Abstract 435: Differential mRNA and MicroRNA Expression is Influenced by Race in Hypertensive and Non-hypertensive Women
Systemic arterial hypertension occurs more frequently among African Americans (AA) than any other population sub-group, has earlier onset, and more frequently results in end-organ complications. In addition, AA women have the highest incidence and hospitalization rates for hypertension. Previous data suggests that gene expression patterns may increase individual susceptibility to selected chronic diseases. Therefore, we hypothesized that differential gene expression may influence the disproportionate incidence and prevalence of hypertension among AAs. Transcriptional profiling of peripheral blood mononuclear cells (PBMCs) from AA or White, normotensive or hypertensive females identified thousands of mRNAs differentially expressed by race or presence of hypertension. Since microRNAs (miRNAs) are well-known post-transcriptional regulators of mRNA expression levels, and recent data indicates that miRNAs play an important role in the etiology of cardiovascular disease, we wanted to examine whether changes in miRNA abundance underlie changes in gene expression with hypertension. To test this, we profiled global miRNA expression in the same cohort. Analysis of microarray expression changes using Ingenuity Pathway Analysis identified mRNA-miRNA regulatory networks in hypertension-related pathways, i.e. the renin-angiotensin system, nitric oxide signaling, and actin cytoskeletal signaling pathways, which differ by race and hypertension status. mRNA and miRNA gene expression changes were validated using RT-qPCR in an expanded cohort and gene functionality and miRNA target validation was investigated in vitro using primary human umbilical vein cells. We have identified several miRNAs, including miRs 20a-5p, 103a-2-5p, 30c-5p, 4763-5p, 4709-3p and 4717-3p, which are significantly (P<0.05) and differentially expressed by race and/or presence of hypertension. Together, these findings identify several pathways and miRNA gene candidates whose expression differ with race and may contribute to hypertension-related health disparities and could potentially serve as biomarkers for hypertension or as targets for therapeutic modalities.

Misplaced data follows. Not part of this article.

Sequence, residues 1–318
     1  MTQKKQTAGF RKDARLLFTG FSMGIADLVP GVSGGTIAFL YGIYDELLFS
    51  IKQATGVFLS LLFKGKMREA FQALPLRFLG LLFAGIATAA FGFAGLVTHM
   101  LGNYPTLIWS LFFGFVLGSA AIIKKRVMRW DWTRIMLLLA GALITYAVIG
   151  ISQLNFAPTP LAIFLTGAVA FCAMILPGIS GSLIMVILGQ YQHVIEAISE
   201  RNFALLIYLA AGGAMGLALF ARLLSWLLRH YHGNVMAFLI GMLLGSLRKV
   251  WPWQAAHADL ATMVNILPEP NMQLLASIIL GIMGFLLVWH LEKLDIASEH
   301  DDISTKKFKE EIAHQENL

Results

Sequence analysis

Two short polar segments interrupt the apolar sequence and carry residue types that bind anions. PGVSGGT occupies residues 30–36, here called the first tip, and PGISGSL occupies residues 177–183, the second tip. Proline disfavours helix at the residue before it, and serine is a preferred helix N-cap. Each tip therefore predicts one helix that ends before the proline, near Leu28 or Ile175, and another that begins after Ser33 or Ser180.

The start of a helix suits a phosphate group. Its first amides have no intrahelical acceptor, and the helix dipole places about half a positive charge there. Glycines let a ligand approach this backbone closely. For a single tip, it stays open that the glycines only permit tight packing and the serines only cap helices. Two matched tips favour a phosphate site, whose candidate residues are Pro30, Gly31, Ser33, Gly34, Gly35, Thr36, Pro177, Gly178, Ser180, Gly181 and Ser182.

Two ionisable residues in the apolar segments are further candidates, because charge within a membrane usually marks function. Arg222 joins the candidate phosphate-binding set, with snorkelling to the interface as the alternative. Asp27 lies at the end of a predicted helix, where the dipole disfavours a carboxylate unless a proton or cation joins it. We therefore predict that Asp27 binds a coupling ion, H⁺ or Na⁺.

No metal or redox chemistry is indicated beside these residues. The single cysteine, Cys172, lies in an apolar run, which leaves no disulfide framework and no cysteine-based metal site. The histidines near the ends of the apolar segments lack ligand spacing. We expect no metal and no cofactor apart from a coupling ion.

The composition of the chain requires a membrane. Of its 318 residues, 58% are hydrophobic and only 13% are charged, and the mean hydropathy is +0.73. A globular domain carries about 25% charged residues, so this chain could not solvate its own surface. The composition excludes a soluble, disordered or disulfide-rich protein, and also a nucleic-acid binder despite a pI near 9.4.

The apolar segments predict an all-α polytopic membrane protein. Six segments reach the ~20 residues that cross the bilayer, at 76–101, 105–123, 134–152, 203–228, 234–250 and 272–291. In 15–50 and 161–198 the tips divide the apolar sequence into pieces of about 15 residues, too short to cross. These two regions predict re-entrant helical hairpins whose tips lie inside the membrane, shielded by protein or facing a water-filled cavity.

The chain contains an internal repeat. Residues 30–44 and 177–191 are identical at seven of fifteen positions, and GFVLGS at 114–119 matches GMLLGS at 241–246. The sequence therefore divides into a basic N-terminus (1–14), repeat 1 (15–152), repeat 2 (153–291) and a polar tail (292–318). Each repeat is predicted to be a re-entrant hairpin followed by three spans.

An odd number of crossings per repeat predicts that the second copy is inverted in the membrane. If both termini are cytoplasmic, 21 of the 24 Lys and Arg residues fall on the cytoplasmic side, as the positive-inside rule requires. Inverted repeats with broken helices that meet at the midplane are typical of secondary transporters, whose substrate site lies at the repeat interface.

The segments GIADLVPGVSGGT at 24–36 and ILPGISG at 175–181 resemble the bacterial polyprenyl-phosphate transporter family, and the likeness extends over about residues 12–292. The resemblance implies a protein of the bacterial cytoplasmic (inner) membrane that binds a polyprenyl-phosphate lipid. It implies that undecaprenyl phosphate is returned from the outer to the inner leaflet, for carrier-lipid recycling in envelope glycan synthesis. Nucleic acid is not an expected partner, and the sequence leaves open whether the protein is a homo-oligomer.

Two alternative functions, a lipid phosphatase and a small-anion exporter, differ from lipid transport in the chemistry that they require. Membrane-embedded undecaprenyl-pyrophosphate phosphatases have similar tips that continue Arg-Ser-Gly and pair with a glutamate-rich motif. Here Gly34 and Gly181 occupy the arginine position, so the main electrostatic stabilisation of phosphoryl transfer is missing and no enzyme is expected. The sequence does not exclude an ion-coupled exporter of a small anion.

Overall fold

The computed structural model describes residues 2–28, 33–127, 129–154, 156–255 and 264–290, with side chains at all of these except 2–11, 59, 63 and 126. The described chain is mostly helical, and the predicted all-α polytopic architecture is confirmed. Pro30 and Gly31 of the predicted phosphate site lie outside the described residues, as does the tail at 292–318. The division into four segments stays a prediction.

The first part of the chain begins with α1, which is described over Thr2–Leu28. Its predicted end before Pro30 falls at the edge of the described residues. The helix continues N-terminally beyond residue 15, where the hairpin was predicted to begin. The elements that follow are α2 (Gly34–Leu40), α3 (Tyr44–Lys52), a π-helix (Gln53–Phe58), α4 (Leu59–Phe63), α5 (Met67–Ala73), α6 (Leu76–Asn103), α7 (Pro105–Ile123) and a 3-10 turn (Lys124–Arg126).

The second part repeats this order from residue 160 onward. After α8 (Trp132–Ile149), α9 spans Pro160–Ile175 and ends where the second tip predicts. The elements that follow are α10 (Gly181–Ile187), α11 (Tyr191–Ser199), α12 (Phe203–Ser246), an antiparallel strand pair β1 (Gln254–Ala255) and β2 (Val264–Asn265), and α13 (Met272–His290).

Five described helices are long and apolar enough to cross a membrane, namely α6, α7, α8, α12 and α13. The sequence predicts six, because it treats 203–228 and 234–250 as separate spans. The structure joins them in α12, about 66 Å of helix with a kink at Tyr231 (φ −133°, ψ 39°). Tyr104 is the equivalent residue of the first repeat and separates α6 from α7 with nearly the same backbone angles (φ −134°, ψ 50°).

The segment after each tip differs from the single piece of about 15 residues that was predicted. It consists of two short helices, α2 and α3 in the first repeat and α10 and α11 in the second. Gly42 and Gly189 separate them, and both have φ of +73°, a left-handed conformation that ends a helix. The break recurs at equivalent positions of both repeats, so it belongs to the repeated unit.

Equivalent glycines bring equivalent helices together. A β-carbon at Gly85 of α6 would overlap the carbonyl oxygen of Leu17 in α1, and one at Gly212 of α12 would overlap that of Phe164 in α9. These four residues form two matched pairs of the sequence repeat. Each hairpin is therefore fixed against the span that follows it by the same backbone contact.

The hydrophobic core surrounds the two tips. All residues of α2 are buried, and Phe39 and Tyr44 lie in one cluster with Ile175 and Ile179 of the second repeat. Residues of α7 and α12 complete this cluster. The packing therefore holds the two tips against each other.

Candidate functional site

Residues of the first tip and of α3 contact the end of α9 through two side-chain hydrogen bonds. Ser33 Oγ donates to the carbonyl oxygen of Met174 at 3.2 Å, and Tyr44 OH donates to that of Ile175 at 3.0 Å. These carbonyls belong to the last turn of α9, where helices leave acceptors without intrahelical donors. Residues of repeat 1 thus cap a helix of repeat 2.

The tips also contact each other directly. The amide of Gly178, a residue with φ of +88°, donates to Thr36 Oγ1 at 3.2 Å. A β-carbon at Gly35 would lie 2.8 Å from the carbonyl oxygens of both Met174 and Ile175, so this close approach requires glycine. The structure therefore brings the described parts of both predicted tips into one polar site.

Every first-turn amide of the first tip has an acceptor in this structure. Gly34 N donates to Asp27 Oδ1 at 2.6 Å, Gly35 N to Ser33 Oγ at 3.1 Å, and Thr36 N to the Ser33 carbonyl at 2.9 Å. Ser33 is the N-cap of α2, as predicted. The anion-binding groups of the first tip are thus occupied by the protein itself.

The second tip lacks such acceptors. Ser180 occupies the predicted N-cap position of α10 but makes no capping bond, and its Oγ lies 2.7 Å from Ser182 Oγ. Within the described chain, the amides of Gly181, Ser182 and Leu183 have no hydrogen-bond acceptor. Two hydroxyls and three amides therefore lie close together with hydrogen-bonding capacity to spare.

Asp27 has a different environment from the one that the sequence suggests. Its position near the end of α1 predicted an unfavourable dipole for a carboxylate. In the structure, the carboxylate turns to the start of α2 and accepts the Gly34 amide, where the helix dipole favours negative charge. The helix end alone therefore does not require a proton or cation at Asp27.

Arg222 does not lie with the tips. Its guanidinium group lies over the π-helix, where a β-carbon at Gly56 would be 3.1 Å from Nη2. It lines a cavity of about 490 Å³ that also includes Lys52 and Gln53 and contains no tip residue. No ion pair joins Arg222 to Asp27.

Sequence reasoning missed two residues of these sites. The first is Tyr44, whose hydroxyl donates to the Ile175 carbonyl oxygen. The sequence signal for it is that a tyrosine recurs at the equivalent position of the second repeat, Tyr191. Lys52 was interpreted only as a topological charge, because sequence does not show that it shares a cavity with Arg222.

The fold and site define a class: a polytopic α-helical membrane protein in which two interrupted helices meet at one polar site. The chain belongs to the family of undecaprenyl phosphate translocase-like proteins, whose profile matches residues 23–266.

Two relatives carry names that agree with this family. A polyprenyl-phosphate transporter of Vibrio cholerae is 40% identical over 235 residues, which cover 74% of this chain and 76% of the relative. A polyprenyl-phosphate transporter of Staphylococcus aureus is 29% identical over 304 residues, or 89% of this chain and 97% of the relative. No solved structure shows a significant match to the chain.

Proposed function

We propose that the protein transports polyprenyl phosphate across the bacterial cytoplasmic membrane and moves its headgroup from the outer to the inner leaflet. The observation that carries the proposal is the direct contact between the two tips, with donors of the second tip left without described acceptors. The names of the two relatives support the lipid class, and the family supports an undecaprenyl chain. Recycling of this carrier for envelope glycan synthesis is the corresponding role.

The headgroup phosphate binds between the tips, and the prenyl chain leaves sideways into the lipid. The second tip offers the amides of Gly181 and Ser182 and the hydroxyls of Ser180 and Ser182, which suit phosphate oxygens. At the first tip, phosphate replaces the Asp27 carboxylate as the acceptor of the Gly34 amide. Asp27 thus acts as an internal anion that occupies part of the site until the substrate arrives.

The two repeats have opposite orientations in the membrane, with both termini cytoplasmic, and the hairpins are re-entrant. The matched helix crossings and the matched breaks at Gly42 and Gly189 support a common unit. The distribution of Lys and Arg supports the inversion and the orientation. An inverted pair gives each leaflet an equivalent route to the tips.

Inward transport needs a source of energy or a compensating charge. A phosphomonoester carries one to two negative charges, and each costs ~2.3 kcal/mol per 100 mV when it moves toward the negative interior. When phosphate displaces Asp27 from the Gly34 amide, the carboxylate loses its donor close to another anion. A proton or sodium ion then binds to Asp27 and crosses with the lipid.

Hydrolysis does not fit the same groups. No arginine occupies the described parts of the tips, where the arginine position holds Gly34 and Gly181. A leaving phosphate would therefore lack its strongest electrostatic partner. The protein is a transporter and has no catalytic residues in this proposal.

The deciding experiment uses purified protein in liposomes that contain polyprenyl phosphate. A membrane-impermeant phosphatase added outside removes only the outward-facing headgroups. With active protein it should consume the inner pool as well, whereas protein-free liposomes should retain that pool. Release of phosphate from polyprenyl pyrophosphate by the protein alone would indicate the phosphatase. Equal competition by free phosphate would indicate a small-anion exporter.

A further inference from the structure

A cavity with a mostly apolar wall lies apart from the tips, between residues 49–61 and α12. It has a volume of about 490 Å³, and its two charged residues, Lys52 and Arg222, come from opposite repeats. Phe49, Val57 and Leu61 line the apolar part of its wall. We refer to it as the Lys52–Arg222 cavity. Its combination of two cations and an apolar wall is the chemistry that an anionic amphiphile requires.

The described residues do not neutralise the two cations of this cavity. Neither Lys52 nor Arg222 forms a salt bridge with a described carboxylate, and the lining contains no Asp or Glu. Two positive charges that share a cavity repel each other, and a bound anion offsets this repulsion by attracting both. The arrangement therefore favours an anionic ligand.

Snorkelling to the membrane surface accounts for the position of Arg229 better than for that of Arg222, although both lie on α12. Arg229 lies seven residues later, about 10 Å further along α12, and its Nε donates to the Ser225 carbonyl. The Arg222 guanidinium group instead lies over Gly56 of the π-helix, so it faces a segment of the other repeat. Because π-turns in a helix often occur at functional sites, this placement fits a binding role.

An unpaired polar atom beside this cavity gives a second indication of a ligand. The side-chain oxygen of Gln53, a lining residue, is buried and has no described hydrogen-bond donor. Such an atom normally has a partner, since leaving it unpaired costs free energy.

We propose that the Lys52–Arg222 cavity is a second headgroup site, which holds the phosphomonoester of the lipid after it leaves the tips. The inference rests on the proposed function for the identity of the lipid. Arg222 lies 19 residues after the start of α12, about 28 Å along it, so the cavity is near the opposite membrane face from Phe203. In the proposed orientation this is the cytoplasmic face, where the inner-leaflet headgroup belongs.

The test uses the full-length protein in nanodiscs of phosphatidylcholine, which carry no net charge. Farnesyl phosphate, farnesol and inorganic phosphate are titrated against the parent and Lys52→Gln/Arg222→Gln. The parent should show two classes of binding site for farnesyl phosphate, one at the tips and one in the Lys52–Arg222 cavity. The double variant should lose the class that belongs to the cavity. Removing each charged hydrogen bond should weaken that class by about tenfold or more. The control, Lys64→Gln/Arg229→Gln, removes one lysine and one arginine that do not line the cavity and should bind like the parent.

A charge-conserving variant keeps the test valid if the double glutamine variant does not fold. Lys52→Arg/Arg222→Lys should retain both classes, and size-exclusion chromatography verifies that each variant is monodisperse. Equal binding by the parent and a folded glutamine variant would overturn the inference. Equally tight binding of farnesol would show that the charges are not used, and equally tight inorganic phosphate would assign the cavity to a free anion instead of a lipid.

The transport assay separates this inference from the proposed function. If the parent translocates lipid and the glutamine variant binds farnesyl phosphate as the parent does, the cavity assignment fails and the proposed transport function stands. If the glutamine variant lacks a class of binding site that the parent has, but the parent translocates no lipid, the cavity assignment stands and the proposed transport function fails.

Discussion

Author Disclosures: D.F. Dluzen: None. N. Noren Hooten: None. Y. Zhang: None. K.D. Jacob: None. A.B. Zonderman: None. M.K. Evans: None.
- © 2015 by American Heart Association, Inc.